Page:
Letters

LETTERS

January 01, 2009

Stimulus only delays decline in our wealth

The Baltimore Sun's editorial "Trade trouble" (Dec. 28) suggests two paths for the United States to get out of the deep hole it's in: "The U.S. must either get its economic house in order, by reducing debt-financed consumption and rebuilding savings, or learn to live with a decline in American buying power and its influence."

It is certain that we are heading for Option 2.

President-elect Barack Obama has promised a stimulus package as big as, or even bigger than, the $700 billion financial industry bailout that's already been added to our national debt.

Option 1 would spell a depression, and as cathartic and healthy as that course might be in the long run, as economist Paul Krugman has remarked, "There are no atheists in foxholes and there are no libertarians in financial crises."

Prepare for less buying power and less U.S. influence.

Jim George, Baltimore

Reviving our industry offers a better option

There is little doubt that "trade has everything to do with America's economic dilemma" ("Trade trouble," editorial, Dec. 28). But we have more options available to us than simply reducing our "debt-financed consumption" or accepting a "decline in American buying power."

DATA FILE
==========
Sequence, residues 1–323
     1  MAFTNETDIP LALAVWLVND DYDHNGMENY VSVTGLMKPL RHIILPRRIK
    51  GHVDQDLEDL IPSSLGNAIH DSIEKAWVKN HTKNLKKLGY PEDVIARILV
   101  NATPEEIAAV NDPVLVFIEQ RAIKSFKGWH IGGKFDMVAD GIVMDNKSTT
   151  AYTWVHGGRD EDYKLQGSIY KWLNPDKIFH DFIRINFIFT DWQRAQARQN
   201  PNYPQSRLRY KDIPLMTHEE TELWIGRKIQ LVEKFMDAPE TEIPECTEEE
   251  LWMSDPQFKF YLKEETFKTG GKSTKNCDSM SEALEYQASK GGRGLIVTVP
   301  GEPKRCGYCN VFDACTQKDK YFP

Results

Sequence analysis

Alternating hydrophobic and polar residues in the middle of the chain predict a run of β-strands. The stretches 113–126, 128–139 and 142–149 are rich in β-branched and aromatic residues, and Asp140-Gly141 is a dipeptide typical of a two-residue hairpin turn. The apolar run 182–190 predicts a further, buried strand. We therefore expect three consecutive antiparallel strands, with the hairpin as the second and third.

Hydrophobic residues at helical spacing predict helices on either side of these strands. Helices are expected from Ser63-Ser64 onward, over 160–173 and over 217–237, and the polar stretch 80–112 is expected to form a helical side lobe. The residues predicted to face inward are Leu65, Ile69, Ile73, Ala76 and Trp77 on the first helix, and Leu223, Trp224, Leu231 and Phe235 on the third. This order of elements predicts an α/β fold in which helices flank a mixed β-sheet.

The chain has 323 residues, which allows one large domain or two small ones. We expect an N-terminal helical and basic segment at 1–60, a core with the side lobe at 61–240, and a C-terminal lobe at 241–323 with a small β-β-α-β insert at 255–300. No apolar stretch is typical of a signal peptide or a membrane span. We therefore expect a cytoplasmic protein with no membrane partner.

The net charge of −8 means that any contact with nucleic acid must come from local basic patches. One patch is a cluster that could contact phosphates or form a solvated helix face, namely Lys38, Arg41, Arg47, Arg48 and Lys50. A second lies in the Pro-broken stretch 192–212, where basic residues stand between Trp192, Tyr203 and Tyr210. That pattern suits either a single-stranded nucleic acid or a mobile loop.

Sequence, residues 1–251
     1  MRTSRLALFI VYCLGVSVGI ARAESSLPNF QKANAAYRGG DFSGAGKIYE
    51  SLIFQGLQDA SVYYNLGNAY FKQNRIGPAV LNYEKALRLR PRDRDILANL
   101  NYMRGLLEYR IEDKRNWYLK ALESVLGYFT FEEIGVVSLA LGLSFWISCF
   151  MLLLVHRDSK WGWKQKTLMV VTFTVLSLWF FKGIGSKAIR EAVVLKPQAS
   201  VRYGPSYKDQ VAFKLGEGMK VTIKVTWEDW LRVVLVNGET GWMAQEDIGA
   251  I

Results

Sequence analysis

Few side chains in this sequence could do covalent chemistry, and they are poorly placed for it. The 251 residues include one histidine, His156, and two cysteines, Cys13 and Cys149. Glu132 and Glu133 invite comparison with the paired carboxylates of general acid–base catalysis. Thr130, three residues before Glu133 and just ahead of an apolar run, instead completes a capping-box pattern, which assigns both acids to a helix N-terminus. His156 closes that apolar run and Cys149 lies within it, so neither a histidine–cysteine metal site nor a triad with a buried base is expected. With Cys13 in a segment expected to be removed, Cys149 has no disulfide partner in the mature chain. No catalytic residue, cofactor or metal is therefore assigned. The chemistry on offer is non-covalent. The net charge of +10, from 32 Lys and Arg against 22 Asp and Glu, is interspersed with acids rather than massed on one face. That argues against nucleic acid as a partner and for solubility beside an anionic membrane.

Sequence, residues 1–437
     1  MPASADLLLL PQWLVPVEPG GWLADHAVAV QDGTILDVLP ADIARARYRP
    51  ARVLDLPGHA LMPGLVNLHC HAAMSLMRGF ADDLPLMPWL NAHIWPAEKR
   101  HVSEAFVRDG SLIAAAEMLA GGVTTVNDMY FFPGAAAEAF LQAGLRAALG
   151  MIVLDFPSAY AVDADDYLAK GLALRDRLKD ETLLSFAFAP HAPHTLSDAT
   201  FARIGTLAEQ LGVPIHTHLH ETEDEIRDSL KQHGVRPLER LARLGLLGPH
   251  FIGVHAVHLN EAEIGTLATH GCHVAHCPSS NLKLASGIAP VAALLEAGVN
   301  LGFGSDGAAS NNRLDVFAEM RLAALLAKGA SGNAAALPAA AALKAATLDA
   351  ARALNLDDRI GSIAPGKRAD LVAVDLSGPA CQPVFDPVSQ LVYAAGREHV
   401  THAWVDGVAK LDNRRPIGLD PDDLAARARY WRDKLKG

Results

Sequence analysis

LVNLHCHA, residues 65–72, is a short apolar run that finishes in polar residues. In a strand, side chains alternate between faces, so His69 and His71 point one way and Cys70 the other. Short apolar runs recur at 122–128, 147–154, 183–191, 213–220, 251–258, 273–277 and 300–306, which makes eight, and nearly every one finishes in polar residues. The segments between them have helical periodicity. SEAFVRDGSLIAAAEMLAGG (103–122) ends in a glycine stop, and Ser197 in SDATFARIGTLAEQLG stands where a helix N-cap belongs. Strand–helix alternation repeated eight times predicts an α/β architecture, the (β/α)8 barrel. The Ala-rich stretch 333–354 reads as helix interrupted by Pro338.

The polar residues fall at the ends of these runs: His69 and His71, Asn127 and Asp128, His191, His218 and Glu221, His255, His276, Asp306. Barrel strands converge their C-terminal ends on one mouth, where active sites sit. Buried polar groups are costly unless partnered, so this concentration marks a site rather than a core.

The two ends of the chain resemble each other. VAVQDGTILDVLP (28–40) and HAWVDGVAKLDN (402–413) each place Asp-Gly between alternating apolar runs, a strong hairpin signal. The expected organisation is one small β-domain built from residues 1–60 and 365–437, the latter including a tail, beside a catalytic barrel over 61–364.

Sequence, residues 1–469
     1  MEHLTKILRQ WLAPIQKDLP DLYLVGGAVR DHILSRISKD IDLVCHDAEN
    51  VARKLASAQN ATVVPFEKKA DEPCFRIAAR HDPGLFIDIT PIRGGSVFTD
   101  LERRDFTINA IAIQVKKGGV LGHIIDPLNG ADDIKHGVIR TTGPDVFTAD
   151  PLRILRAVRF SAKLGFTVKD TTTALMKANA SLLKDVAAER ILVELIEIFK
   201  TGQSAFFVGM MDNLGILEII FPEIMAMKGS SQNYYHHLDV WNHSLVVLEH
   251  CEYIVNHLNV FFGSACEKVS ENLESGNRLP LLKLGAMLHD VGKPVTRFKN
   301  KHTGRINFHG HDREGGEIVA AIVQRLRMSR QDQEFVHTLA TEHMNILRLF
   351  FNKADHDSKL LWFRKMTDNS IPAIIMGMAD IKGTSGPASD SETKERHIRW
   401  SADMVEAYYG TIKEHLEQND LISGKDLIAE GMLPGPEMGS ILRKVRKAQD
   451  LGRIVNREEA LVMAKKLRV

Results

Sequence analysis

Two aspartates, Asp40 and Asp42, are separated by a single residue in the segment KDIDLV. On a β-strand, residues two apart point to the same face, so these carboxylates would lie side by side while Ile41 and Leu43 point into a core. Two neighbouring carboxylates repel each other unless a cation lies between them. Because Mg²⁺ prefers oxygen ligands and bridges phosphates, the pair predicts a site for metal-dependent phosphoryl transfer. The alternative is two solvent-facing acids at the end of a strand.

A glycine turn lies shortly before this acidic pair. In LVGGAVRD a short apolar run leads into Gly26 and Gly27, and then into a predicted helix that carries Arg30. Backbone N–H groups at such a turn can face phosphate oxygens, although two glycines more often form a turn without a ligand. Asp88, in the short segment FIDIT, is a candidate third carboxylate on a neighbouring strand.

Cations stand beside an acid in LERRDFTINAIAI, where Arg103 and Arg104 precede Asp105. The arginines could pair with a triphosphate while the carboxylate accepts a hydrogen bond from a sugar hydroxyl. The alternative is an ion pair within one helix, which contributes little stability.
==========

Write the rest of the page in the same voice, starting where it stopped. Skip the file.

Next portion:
We could try rethinking our trade policies to keep more good-paying manufacturing jobs in the U.S. But as long as we are mostly consuming products made overseas, I think we can continue to expect our economic outlook to be bleak.

John Tully, Baltimore

Cowherd's wit brings respite from tragedy

I am in total opposition to the opinion of the writer of the letter "Many feel left out by holiday feasting" (Dec. 26), who criticized Kevin Cowherd's column about the various holiday foods he must serve his guests to accommodate their individual tastes and needs ("This Christmas, don't give us food issues," Dec. 21).

With the news today replete with stories of murders, kidnappings, Middle East crises, the lousy economy and individuals struggling to meet their mortgage payments or just make ends meet, I find most of Mr. Cowherd's columns, with their wit and sense of humor, quite refreshing.

Mr. Cowherd has a unique style of expressing his thoughts in a way that counteracts some of the horror stories of the day.

Freda Garelick, Baltimore

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